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Our website is currently being upgraded.  During this period the site will only display basic information and contacts.

 For enquiries call 02 64947856 or email  To contact Chris Post (Coordinator) phone 0411 594 092

African Lovegrass Info Sheets 

To download "Managing African Lovegrass in native pastures in the Bega Valley" click here

To download African lovegrass "Roller Wiping Info Sheet 2" click here

New Grazing Booklet Release

Dry Land Grazing on the Far South Coast - A Guide for New Landowners

Description:  This booklet is not about livestock selection, it is about knowing what livestock like to eat and do well on, and this is one of the keys to making a profit in coastal dry land grazing. This easy to read booklet collates years of local knowledge in practical pasture management. Packed into just 28 pages this booklet will be a valuable reference for existing graziers and new landholders alike.

Published by Far South Coast Landcare Association

RRP   $10

Available direct from:

Bega - Candelo Books:  208 Carp St Bega. Telephone 6492 3386, Elders:  3/348 Carp St  Bega. Telephone 6492 1799, Far South Coast Landcare Association: 69-71 Auckland St Bega (Tue-Thur 9am-3pm). Telephone 6494 7856

 Cobargo - Cobargo Co-Operative Society 52-54 Princes Hwy Cobargo Telephone 6493 6287

 Towamba /Wyndham -Towamba Landcare: Telephone Derek Lewis 6494 2194

 Available Posted for $10 -Email Jean Bentley:



Unfortunately a new beach invader has just been discovered on our Far South Coast beaches at three widely separated sites.  Dune Onion Weed (Trachyandra divaricata) looks rather like a 'limp' agapanthus with clumps of bright green flat strappy leaves about 70cm long.  The plants found locally were flowering in September-early October, producing intricately-branched flower heads about 70cm tall, with very numerous small white flowers with brownish stripe on each petal.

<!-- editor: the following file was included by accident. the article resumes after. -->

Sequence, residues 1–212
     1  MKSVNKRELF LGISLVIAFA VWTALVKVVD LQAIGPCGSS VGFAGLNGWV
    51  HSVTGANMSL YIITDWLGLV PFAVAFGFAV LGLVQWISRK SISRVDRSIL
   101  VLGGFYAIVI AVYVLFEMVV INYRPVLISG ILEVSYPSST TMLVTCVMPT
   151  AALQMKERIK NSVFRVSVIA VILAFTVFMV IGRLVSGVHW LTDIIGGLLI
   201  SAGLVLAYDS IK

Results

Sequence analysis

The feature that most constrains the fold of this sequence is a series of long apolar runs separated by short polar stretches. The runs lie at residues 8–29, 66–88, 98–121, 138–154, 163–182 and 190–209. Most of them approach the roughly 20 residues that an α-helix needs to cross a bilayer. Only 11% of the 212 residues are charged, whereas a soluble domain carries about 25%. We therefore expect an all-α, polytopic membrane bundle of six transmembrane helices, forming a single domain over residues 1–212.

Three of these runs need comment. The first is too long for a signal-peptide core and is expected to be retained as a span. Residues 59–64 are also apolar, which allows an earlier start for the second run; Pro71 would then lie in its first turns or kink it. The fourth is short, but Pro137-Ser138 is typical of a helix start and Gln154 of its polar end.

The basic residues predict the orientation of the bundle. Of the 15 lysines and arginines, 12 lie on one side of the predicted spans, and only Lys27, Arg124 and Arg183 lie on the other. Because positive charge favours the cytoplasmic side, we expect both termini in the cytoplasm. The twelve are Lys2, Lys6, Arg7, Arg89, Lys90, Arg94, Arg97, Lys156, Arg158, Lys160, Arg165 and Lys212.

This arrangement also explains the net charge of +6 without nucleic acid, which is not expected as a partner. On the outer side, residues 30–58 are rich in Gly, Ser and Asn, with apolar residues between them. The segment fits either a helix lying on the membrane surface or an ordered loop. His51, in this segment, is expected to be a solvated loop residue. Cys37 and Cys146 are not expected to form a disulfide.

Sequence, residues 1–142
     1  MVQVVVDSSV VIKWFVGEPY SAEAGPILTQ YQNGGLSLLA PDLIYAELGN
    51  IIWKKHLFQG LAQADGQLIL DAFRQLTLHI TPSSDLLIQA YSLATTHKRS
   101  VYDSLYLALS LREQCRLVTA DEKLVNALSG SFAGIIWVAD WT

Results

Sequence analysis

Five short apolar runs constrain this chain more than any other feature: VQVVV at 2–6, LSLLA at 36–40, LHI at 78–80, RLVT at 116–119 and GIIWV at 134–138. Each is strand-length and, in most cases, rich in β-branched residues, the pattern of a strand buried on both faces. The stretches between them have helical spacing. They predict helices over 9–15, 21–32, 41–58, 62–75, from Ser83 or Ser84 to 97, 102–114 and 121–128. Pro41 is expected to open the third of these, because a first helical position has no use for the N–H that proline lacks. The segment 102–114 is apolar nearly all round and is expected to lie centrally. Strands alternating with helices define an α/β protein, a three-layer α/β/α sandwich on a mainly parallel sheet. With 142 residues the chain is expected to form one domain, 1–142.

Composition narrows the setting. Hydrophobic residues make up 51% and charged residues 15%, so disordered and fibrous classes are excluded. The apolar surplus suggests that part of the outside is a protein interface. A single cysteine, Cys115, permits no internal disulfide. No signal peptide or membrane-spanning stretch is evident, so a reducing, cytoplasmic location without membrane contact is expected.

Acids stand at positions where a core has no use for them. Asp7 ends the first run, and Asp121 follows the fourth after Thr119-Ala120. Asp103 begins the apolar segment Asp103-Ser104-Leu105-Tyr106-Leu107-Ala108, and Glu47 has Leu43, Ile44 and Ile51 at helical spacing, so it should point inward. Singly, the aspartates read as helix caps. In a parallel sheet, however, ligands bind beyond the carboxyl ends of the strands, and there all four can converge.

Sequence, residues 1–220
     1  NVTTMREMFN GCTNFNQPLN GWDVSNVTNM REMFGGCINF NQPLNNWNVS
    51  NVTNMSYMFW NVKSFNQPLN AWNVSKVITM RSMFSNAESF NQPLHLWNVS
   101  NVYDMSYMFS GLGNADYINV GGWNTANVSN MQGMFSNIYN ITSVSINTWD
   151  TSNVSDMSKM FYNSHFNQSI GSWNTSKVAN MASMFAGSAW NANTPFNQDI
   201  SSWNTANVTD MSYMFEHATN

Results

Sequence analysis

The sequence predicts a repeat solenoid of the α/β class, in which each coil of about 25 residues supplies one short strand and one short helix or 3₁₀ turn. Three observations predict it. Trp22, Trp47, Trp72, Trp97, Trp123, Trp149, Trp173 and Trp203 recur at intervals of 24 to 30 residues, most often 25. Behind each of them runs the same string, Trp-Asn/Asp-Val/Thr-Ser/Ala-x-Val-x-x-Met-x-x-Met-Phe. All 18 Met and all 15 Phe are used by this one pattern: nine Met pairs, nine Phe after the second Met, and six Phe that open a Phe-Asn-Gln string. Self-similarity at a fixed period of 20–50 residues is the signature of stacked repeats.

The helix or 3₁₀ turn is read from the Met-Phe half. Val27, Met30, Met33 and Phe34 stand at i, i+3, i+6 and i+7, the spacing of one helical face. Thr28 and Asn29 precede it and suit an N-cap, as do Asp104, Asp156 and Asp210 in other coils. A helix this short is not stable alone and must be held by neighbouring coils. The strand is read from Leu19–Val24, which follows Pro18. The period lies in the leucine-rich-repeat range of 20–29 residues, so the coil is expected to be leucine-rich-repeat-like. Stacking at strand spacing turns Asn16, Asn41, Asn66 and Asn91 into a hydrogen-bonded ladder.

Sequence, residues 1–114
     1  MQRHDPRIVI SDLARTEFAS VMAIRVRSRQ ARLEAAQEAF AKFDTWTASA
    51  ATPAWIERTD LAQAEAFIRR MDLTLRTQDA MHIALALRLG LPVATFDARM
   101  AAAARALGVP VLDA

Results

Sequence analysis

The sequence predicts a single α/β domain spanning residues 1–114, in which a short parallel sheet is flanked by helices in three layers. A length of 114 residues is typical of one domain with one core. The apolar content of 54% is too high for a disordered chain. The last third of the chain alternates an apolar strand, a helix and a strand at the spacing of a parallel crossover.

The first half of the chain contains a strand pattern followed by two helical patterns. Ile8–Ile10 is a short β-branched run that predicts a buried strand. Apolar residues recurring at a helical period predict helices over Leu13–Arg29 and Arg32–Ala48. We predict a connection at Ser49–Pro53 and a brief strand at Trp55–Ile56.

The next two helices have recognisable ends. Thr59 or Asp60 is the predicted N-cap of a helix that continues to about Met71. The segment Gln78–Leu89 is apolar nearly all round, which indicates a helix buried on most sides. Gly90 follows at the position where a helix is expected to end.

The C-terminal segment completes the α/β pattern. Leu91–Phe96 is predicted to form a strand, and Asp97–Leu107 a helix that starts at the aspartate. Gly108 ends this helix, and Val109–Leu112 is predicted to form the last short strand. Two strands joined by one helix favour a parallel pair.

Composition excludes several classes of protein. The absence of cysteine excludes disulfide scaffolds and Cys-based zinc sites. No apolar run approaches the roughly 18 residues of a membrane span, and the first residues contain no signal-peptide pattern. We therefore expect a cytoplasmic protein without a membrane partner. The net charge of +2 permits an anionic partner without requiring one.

Just how Dune Onion Weed reached the Far South Coast is a matter of speculation but the plant is very well set up to travel.  The flower heads are reported to break off when the seed is mature and roll along beaches like tumbleweeds, shedding seed as they go.  Seeds immersed in salt water remain viable after 8 months, long enough to travel very long distances in ocean currents.
This weed, of South African origin, is already a major problem on the West Australian coast and has also appeared in South Australia and the NSW Central Coast, but has never before been reported locally.
Once established on a beach it is capable of forming dense monocultures and displacing native species.  It will spread well inland and is toxic to animals.
So far Dune Onion Weed has been found on three local beaches a considerable distance apart.  It could turn up on any of our beaches and may well be found growing well back in and underneath the dune vegetation.

If you find or suspect you have found this weed please let me know, if possible including a photo with your email. The best way to control the plant is to dig it up, bag it and remove it from the site for safe disposal. 




For Information on upcoming Farmers' Network Events and Field Days  Contact Wayne Schaefer M: 0405 159098, 6494 7856 or E: 

New Grazing Booklet Release